The most common type of collisions involving motorcycles may result from the driver's inattentional blindness - the failure to notice an unexpected object in plain sight, a study has found. The disproportionately high number of motorcycle-related traffic accidents may be linked to the way the human brain processes - or fails to process - information, according to researchers from Australian National University (ANU). The study, published in the journal Human Factors, may explain the prevalence of looked-but-failed-to-see (LBFTS) crashes. LBFTS crashes are particularly troublesome because, despite clear conditions and the lack of other hazards or distractions, drivers will look in the direction of the oncoming motorcycle - and in some cases appear to look directly at the motorcycle - but still pull out into its path, researchers said. "When we are driving, there is a huge amount of sensory information that our brain must deal with. We can't attend to everything, because this would consume enormous cognitive resources and take too much time," said Kristen Pammer, associate dean of science at ANU. "So our brain has to decide what information is most important.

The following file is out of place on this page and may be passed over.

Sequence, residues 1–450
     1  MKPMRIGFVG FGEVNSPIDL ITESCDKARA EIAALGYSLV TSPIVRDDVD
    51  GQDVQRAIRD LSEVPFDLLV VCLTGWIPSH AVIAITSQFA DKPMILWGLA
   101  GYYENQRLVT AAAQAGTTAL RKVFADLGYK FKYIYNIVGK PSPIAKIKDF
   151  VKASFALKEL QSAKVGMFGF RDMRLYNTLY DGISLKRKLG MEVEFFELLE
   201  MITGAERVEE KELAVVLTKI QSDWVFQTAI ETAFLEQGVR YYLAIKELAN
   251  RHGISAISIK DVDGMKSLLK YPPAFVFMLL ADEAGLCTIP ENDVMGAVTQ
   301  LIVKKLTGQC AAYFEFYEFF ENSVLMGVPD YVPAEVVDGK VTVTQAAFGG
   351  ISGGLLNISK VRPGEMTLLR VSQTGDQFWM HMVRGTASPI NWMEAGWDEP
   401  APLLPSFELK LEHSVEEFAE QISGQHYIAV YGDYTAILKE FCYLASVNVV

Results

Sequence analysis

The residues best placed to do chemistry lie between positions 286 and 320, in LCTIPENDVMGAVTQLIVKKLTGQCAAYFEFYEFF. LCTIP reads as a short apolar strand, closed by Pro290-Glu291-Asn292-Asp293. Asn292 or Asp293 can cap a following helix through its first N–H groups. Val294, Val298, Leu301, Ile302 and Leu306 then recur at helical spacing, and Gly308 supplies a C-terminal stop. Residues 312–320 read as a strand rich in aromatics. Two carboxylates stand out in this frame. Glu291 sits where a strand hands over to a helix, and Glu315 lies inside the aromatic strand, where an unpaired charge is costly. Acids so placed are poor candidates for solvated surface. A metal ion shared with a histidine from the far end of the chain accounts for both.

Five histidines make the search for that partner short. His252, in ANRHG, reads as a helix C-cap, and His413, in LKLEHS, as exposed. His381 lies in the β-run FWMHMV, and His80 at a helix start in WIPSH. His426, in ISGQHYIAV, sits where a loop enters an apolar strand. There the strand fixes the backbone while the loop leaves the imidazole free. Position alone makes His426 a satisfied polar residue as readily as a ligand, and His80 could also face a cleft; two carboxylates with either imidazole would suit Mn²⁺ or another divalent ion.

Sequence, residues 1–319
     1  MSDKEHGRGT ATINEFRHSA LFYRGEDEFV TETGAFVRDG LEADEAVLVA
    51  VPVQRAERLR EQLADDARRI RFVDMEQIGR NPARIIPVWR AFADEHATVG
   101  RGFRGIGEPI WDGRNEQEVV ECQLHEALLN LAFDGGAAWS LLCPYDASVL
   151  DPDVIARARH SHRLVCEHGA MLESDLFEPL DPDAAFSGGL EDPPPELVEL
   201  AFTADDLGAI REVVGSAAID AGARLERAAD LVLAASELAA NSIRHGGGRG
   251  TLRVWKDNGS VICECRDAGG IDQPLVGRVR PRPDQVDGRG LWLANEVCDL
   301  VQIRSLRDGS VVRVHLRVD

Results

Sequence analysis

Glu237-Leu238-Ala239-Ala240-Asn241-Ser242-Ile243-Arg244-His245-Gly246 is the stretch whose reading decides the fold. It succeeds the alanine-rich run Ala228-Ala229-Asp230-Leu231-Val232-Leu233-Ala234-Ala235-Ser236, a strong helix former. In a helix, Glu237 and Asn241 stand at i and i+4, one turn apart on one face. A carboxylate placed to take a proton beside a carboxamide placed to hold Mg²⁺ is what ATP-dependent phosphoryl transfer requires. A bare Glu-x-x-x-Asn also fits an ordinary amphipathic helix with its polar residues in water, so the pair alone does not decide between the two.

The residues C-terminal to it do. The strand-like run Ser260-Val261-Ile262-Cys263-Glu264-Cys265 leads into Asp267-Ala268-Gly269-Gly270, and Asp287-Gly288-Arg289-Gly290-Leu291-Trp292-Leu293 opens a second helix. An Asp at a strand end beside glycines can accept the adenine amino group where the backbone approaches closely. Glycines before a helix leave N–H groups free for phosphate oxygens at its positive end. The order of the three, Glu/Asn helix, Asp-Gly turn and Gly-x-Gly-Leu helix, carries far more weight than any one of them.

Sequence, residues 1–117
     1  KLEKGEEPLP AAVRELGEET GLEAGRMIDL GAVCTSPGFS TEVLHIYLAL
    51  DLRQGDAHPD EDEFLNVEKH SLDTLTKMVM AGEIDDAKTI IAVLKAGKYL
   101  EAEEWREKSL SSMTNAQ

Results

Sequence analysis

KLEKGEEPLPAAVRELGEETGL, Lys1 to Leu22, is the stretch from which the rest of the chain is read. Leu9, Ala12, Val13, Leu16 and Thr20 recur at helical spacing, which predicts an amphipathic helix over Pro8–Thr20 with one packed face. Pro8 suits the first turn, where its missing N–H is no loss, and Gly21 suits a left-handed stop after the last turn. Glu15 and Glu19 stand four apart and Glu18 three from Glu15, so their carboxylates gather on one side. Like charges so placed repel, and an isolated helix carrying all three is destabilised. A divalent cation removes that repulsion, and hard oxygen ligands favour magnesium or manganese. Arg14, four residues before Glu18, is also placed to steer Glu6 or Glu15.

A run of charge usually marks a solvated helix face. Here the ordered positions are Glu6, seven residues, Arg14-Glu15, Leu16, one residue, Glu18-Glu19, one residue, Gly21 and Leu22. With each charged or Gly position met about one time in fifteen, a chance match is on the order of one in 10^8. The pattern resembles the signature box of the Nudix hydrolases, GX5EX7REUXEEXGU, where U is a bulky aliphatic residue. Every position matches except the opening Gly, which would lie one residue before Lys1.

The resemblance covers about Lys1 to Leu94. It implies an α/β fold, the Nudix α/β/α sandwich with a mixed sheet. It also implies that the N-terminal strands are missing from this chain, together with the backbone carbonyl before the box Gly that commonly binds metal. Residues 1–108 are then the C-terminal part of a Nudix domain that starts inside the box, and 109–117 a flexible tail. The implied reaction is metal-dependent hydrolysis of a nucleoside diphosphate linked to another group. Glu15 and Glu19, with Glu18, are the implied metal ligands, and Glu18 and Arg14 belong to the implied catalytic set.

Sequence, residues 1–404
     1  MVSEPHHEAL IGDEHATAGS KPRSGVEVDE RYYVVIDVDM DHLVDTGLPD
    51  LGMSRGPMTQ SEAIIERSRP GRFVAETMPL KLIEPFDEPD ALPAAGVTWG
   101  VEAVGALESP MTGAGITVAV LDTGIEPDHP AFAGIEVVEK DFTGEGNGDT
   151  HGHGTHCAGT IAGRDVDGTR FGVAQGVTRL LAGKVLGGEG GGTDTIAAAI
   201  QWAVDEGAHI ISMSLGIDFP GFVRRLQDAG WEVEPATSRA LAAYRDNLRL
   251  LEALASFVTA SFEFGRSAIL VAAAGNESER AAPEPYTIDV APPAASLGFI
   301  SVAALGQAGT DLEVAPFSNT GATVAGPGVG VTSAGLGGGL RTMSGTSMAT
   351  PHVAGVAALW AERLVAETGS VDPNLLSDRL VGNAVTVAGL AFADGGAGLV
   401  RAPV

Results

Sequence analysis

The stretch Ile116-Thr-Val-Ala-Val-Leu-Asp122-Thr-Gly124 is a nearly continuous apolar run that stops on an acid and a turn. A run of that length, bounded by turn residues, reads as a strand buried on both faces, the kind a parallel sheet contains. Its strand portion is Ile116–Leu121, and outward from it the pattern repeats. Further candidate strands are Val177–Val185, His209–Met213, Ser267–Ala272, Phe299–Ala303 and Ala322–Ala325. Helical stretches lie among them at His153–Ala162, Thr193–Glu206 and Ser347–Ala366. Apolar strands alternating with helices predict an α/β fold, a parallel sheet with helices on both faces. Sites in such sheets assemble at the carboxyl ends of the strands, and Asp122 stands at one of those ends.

The frequency of LBFTS crashes suggests to us a connection with how the brain filters out information," Pammer said. The researchers recruited 56 adults and asked them to examine a series of photographs depicting routine driving situations taken from the driver's perspective. The respondents were to determine whether the image represented a safe or unsafe driving environment. In the final photograph, the researchers manipulated the image to include an unexpected object, either a motorcycle or a taxi, and asked participants if they noticed either object. Although 48 per cent of all participants reported that they did not notice any additional object, they were significantly less likely to detect the motorcycle (65 per cent) than to notice the taxi (31 per cent). Further evidence that inattentional blindness could be present was revealed in the results of a survey administered before the experiment, the purpose of which was to gauge participants' overall perception of each vehicle in the photos. Although they believed a motorcycle was just as likely to be on the road as a taxi, they thought they would be far less likely to notice the motorcycle. The study highlights the need to encourage drivers to be more motorcycle-aware. Training programmes could be required for all novice drivers. "Motorcycles appear to be very low on the priority list for the brain when it is filtering information," Pammer said. "By putting motorcyclists higher on the brain 'radar' of the driver, hopefully drivers will be more likely to see them. In the meantime, we need to be more vigilant, more active, and more conscious when driving," she said.
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